Common Pheasant adult male (or cock) has rich chestnut plumage, with golden-brown, black and pale blue markings on body. The very long tail is golden-brown barred with black. The lower back varies from chestnut, to pale blue and purple.
Underparts are golden-chestnut with dark markings. Vent and undertail coverts are dark chestnut. Head and neck are deep green with dark blue iridescences. A greenish-grey glossy patch covers the top of the head, tapering to a point on the nape. We can see a white collar around the neck. Face shows red facial wattles and green tufted “ears”. The strong bill is whitish. Eyes are golden. Legs and feet are dark grey.
Female is smaller, with shorter tail and sandy colours. She has paler brown plumage, mottled dark brown and black.
Underparts are sandy white, slightly scaled on throat and breast with pale brown. Eyes are dull yellow. Bill is two tones, whitish and blackish.
Juvenile resembles adult female, but smaller, with shorter tail.
Length: M: 75-89 cm – F : 53-62 cm
Wingspan: 70-90 cm
Weight: M: 770-1990 g – F: 545-1450 g
In its native areas, Pheasant lives in open forests or meadows. But this opportunistic bird feeding on various seeds, fruits and insects is now well adapted to other habitats, such as cultivated areas.
It has stout bill and strong legs with four-toed clawed feet, adapted to scratch for food in the ground. Male may have spurs, used for dominance when they fight.
During courtship displays, male runs around each female with near wing trailing on the ground, twisting over its tail, and inflating its facial wattles in order to expose its finery. Once females start to incubate, male ignores them. But its colours attract the predators too, such as foxes and stoats, whereas female and young are protected by their dull plumage.
If it is alarmed, Pheasant prefers to run rather to fly from danger. It roosts in trees at night.
Pheasant frequents farmlands, open lands with shrubby cover, woodland edges, open woodlands, from lowlands to mountain foothills.
Calls and songs:
Pheasant male gives a crowing advertising call, a harsh, scraping “ko-KOK”, with head pointed upwards. It may perform at the same time a brief whir of wings in spring.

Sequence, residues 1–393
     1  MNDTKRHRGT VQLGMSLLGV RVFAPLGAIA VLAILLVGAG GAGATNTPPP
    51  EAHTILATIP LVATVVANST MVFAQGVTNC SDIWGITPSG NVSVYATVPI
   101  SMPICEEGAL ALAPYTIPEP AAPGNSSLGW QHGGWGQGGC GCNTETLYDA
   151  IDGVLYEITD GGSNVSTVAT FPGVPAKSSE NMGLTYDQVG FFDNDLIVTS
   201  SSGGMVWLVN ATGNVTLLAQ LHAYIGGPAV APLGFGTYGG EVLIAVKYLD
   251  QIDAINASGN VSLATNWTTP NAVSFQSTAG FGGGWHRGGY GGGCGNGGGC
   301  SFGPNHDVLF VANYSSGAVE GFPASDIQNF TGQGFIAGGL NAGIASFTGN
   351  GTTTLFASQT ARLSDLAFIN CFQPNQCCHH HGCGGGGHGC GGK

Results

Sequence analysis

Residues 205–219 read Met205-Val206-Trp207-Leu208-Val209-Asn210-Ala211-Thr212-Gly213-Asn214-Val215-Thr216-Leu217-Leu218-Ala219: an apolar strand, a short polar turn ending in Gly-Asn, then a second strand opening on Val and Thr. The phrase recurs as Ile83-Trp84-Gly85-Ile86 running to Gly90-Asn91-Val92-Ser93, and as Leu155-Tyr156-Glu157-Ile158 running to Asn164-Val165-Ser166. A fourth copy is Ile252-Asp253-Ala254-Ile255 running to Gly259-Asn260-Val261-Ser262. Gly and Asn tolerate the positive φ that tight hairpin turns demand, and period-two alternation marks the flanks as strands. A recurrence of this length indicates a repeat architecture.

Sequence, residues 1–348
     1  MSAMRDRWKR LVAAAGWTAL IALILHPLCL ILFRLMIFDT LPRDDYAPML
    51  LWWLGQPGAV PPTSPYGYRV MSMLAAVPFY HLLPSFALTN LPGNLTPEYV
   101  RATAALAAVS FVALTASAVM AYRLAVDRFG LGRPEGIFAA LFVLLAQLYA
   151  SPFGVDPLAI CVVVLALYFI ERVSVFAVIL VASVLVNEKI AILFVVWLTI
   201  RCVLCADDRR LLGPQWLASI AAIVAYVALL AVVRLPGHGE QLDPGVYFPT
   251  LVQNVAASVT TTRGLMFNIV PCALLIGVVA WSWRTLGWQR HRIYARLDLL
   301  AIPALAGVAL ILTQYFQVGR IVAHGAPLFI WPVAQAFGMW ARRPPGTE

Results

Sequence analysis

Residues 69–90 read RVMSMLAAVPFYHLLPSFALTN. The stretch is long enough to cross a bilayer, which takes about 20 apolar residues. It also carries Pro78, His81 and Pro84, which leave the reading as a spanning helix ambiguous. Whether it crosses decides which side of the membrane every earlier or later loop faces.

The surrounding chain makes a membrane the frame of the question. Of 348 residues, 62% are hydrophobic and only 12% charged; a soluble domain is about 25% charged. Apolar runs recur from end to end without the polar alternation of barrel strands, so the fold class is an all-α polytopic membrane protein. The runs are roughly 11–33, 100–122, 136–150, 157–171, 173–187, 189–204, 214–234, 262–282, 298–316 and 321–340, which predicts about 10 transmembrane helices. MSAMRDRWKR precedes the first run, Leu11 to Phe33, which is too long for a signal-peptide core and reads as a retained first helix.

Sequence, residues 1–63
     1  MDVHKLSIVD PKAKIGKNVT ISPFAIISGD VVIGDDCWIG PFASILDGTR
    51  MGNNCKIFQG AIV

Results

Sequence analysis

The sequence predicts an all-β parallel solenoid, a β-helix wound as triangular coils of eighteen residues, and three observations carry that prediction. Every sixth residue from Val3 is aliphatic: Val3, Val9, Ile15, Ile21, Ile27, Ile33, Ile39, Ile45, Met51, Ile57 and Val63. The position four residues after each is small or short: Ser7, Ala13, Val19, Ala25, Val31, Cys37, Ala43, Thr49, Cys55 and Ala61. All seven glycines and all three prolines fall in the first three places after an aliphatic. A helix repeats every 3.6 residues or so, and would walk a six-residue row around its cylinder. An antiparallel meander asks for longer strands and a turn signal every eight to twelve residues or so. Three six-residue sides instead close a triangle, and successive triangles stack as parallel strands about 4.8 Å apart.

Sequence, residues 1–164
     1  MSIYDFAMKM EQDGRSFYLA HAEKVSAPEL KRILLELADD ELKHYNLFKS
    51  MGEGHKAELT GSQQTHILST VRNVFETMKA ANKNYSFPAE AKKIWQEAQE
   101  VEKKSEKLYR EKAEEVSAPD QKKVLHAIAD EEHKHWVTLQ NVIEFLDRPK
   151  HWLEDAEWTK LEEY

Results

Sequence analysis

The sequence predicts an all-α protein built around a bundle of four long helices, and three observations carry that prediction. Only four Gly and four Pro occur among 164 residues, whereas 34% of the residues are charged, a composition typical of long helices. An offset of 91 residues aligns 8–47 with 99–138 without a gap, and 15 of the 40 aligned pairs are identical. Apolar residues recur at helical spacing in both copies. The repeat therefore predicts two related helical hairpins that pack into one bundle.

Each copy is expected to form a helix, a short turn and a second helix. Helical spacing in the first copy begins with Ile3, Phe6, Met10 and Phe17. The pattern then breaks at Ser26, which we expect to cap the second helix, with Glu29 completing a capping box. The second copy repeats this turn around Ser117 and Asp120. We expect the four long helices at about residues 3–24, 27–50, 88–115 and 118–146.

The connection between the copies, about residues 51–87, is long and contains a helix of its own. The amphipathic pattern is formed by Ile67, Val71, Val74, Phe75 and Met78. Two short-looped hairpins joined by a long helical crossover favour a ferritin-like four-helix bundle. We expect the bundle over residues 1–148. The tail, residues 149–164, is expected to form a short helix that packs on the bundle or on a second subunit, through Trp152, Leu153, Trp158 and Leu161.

When suddenly flushed, both male and female utter a rapid, harsh “kuk-uk, kuk-uk, kuk-uk, kuk-uk”.
Methods of hunting permitted for use:
- ambush hunting,
- using hunting birds,
- using automatic trap,
- using hunting dogs
Permitted hunting tools:
Hunting fire smooth-bore long-barreled arms; hunting firearm with a rifled barrel of caliber no more than 8 mm 6.5 mm; hunting firearm combined weapons (smooth-bore and rifted gun), including with rebarreling and auxiliary rifled barrels of caliber no more than 6.5 mm; hunting pneumatic weapon with a muzzle energy of no more than 25 J; cold bladed hunting weapon. Hunting for quail, pheasant, and sage is allowed only with the use of hunting smooth-bore firearms. Hunting for pigeons, turtledoves using hunting firearms with a rifled barrel is not allowed.
The taste of pheasant grows richer and stronger as it ages. It’s a supple meat, with half the calories of chicken breast. It is the so-called ‘wild’ flavour that makes pheasant special, so heavy seasoning should not be used.
Cook pheasant in many of the same ways you would other fowl, such as roasting or stewing. Wild pheasant should be cooked to a minimum internal temperature of 160 degrees Fahrenheit. In general, pheasants weighing less than 5 pounds can be roasted. Cook in a shallow pan, covered with foil if needed to prevent excess browning, at 450 F for 1 to 2 hours. For birds weighing over 5 pounds, too much muscular tissue makes the birds most tender when braised or stewed. Cook in a slow cooker or Dutch oven on low heat in liquid broth or tomato sauce for 3 hours or more until the pheasant’s internal temperature reaches 160 F.